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The Kondyor Massif is a perfectly circular geological formation in Eastern Siberia, Russia, roughly 600 km west-to-southwest of Okhotsk, or some 570 km south-east of Yakutsk. From space it looks like an impact crater or the caldera of an extinct volcano, but Kondyor Massif is neither. It is what geologists refer to as an “intrusion”.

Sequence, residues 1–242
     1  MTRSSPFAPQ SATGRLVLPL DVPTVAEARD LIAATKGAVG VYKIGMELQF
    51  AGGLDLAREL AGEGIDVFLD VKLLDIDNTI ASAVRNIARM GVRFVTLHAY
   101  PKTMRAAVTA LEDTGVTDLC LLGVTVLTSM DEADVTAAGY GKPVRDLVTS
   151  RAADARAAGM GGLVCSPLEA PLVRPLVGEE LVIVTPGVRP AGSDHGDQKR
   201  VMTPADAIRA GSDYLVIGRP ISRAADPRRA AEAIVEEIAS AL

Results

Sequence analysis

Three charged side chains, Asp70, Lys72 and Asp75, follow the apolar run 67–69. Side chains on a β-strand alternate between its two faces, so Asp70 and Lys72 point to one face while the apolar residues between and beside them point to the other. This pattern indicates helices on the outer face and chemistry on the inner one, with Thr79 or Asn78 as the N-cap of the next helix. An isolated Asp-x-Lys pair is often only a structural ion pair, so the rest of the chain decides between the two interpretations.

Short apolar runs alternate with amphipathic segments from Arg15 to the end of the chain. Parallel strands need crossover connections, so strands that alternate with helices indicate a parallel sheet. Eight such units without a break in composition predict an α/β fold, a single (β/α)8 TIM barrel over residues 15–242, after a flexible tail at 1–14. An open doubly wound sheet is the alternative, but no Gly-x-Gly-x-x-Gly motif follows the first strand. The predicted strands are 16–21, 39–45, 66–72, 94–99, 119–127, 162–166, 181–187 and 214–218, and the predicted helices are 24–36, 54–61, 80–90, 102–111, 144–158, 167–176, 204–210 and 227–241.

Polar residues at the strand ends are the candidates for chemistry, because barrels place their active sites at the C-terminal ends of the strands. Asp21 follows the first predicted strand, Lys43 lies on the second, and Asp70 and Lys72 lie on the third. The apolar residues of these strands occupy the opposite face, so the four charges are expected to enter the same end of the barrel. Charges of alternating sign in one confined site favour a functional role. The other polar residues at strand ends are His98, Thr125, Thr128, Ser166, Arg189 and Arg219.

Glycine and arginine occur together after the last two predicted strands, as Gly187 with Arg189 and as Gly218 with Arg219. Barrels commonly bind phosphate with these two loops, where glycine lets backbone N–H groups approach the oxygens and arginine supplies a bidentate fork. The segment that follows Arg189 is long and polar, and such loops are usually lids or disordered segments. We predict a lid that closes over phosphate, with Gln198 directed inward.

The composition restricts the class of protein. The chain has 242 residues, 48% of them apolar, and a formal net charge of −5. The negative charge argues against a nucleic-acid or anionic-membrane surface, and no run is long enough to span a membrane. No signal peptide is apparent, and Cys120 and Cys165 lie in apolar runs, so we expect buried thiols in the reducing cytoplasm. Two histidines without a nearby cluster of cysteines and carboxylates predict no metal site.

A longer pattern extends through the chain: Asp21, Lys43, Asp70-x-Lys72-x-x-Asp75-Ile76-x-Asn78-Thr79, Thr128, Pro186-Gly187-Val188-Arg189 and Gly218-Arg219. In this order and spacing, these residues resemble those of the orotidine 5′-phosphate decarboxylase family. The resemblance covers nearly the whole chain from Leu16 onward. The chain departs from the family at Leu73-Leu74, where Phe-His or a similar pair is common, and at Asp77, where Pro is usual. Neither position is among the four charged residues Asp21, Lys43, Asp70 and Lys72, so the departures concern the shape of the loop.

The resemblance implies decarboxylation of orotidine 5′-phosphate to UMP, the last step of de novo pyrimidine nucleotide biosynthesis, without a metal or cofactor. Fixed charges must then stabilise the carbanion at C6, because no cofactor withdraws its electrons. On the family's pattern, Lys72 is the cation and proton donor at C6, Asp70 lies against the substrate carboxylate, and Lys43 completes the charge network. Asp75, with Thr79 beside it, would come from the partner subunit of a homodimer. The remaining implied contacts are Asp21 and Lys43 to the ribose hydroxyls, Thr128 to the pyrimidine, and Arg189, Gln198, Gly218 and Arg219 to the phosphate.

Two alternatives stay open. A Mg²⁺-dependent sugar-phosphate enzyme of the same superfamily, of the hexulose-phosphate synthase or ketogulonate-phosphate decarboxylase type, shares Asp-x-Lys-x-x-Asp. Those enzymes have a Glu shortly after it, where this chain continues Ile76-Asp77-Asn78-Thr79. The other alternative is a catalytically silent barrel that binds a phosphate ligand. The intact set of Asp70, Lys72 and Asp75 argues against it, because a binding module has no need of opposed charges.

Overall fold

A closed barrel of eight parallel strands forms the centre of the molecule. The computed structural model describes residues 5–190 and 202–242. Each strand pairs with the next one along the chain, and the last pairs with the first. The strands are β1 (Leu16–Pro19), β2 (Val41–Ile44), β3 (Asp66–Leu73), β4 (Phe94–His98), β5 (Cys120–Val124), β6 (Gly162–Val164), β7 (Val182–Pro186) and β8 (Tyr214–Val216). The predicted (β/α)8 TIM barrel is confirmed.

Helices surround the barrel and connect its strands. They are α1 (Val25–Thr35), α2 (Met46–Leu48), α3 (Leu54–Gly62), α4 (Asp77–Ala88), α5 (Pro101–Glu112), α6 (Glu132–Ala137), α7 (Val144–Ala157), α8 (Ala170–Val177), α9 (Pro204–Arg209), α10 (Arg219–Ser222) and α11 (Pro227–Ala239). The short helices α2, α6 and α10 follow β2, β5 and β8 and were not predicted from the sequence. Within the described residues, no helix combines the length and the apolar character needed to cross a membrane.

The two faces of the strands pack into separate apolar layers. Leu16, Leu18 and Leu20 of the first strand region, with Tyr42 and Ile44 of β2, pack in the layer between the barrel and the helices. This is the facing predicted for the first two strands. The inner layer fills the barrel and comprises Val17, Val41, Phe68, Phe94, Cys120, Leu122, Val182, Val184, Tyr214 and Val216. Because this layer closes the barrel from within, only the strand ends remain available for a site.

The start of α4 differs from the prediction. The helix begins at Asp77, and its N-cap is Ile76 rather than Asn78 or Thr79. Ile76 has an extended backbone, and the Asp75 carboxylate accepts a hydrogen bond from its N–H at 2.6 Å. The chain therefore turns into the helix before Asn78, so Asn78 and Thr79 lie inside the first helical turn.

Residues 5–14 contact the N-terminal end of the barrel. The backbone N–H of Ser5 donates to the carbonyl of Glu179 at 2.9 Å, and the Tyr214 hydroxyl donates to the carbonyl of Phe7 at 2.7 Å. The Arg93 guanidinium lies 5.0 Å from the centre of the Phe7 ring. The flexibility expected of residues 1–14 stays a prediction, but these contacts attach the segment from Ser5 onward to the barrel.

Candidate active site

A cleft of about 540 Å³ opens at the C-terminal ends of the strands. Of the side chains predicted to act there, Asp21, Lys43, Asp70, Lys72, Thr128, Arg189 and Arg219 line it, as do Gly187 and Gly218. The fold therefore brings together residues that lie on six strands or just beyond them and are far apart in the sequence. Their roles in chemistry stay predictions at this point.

An intrusion forms when molten magma of igneous rock crystallizes below the surface of the earth, and is slowly pushed up through the earth’s mantle, a process that can take millions of years. As the rock slowly cools into a solid, the different parts of the magma crystallize into minerals. Because the magma solidify underground before they reach the surface of the crust, they are also called “plutons”, in honor of the Roman god Pluto, the king of the underworld.

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